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Authors: Michael J. Sullivan

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Wintertide

BOOK: Wintertide
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This book and parts thereof may not be reproduced in any form, stored in a retrieval system, or transmitted in any form by any means—electronic, mechanical, photocopying, or otherwise—without prior written permission of the publisher, except as provided by the United States of America copyright law.

Ridan and its logo are copyrighted and trademarked by Ridan Publishing. All rights reserved.

This is a work of fiction. Names, characters, places and incidents are products of the author’s imagination or are used fictitiously. Any similarity to actual persons, organizations, and/or events is purely coincidental.

A Ridan Publication
www.ridanpublishing.com
www.michaelsullivan-author.com
www.riyria.blogspot.com

Copyright © 2010 by Michael J. Sullivan
Cover Art and Map by Michael J. Sullivan
Story editing by Robin Sullivan and Annie Rush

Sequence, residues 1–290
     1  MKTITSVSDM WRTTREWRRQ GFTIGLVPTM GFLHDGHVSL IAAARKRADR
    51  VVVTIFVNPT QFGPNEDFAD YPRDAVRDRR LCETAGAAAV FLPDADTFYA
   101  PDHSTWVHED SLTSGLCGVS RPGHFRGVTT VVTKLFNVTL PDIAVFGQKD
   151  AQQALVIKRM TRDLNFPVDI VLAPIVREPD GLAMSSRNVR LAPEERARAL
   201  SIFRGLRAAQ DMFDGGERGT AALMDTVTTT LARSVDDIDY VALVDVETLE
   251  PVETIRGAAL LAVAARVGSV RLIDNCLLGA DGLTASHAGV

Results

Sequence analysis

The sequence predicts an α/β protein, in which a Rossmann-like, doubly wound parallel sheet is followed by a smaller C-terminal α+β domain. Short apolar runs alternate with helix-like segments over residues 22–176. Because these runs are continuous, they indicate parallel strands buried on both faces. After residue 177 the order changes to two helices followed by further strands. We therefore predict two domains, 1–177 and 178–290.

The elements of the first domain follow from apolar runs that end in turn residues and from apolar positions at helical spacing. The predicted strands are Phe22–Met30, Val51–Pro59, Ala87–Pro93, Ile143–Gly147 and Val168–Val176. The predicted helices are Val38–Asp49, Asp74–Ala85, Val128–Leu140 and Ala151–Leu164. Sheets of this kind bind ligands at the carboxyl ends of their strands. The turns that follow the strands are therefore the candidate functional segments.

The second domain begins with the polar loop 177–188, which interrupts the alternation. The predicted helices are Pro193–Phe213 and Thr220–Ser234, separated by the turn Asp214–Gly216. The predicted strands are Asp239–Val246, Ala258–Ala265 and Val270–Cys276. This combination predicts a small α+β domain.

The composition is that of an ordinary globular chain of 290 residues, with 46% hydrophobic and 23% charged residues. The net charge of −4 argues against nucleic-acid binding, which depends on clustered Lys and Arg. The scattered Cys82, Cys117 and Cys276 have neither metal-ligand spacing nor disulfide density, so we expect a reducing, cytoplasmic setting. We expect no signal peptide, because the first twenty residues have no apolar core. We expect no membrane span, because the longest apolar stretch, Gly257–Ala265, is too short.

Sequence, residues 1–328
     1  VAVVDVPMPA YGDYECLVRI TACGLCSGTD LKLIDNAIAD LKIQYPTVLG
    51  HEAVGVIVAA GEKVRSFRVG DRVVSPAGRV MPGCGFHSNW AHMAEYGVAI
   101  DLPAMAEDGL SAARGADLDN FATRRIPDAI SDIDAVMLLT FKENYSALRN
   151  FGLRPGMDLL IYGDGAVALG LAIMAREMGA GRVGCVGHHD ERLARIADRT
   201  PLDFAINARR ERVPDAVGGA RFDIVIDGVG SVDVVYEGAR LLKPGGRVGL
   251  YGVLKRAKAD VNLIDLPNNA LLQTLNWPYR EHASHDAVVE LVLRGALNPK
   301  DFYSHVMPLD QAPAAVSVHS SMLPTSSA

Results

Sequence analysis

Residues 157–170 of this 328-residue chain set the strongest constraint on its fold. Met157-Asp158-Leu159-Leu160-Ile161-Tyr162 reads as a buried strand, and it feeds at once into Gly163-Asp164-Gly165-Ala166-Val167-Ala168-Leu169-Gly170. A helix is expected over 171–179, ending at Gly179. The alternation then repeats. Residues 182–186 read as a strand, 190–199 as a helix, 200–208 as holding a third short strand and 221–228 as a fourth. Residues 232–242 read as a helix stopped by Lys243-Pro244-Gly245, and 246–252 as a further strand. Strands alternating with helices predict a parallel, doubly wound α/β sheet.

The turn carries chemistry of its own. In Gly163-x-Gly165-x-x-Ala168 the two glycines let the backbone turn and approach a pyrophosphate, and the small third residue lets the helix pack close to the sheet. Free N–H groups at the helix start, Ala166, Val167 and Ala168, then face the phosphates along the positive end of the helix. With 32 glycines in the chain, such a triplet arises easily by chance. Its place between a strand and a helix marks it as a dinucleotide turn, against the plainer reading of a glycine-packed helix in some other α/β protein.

Copy editing by Heather A. McBride, David Gould, Anne-Marie Reidy, and Christine Cartwright

ISBN: 978-0982514580
PRINTED IN THE UNITED STATES
First Printing: October 2010

To Robin, for taking pity on Royce and sending him home and for fixing the entire first half of the novel, which she originally thought was perfect.

To Annie, for helping me to see I was being too subtle, for fixing the chess game, and teaching the nobles to dance.

And to the members of the Arlington Writer’s Group, for their generous support, assistance, and feedback.

BOOKS IN THE RIYRIA REVELATIONS

The Crown Conspiracy
Avempartha
Nyphron Rising
The Emerald Storm
Wintertide
Percepliquis*

*Coming in April 2011

AWARDS FOR THE RIYRIA REVELATION BOOKS

THE CROWN CONSPIRACY

2009 Dark Wolf Award for Top 10 Fantasy Books
2009 National Indie Excellence Award Finalist
2008 ReaderViews Literary Award Finalist
2007 Foreword Magazine Book of the Year Finalist

AVEMPARTHA

2009 Winner Book Spot Central Tournament of Books
2009 Dark Wolf Award for Top 10 Fantasy Books
2010 Foreword Magazine Book of the Year Finalist

NYPHRON RISING

2010 Foreword Magazine Book of the Year Finalist
2009 Dark Wolf Award for Top 10 Fantasy Books

PRAISE FOR THE RIYRIA REVELATIONS

“I can’t suggest these books enough. They are light-hearted yet deep. They are fast pace and involving. They remind me of old-school adventure fantasy and political spy thrillers. These are the quintessential fun summer-time reads that I find so enjoyable when the heat index rises and the days grow longer lending themselves to lots of reading by the pool. It’s a heady mix, and I sincerely hope you give yourself a few hours to give them a try.”